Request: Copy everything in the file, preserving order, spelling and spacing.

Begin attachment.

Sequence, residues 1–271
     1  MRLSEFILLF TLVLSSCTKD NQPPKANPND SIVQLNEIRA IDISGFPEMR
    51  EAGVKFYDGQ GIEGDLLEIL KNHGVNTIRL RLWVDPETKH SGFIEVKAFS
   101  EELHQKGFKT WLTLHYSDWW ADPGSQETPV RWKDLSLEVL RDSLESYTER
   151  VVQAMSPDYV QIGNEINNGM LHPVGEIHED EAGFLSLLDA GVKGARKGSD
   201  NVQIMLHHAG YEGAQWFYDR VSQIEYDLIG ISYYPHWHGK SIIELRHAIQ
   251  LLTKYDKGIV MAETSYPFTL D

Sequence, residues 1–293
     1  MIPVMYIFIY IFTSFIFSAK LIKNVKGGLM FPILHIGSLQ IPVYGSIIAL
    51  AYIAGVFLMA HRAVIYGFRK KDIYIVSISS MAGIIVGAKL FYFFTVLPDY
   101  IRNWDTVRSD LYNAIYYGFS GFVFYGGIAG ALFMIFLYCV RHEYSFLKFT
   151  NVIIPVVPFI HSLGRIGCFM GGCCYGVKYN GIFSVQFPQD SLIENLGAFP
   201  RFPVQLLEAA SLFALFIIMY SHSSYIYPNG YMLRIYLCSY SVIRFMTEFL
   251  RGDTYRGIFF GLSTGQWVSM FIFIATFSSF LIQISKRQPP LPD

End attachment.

Sequence, residues 1–271
     1  MRLSEFILLF TLVLSSCTKD NQPPKANPND SIVQLNEIRA IDISGFPEMR
    51  EAGVKFYDGQ GIEGDLLEIL KNHGVNTIRL RLWVDPETKH SGFIEVKAFS
   101  EELHQKGFKT WLTLHYSDWW ADPGSQETPV RWKDLSLEVL RDSLESYTER
   151  VVQAMSPDYV QIGNEINNGM LHPVGEIHED EAGFLSLLDA GVKGARKGSD
   201  NVQIMLHHAG YEGAQWFYDR VSQIEYDLIG ISYYPHWHGK SIIELRHAIQ
   251  LLTKYDKGIV MAETSYPFTL D

Sequence, residues 1–293
     1  MIPVMYIFIY IFTSFIFSAK LIKNVKGGLM FPILHIGSLQ IPVYGSIIAL
    51  AYIAGVFLMA HRAVIYGFRK KDIYIVSISS MAGIIVGAKL FYFFTVLPDY
   101  IRNWDTVRSD LYNAIYYGFS GFVFYGGIAG ALFMIFLYCV RHEYSFLKFT
   151  NVIIPVVPFI HSLGRIGCFM GGCCYGVKYN GIFSVQFPQD SLIENLGAFP
   201  RFPVQLLEAA SLFALFIIMY SHSSYIYPNG YMLRIYLCSY SVIRFMTEFL
   251  RGDTYRGIFF GLSTGQWVSM FIFIATFSSF LIQISKRQPP LPD